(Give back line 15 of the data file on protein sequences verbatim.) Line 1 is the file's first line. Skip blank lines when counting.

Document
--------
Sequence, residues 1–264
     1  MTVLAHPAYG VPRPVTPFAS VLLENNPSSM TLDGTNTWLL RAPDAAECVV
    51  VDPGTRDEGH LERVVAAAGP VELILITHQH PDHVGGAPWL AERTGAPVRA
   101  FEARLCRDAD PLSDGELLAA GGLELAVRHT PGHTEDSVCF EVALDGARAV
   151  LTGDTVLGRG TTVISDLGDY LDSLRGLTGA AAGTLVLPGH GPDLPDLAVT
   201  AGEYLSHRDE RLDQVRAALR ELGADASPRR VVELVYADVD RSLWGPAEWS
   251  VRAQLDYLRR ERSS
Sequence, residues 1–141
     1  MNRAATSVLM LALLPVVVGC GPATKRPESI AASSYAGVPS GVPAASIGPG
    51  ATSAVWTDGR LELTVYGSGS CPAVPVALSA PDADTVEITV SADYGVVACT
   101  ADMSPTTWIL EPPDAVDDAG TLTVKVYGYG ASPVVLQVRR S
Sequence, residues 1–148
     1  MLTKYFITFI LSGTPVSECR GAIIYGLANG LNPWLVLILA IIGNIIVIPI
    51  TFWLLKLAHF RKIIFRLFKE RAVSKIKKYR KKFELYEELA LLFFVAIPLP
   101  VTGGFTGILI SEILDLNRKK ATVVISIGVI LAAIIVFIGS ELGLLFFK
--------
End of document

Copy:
   101  VTGGFTGILI SEILDLNRKK ATVVISIGVI LAAIIVFIGS ELGLLFFK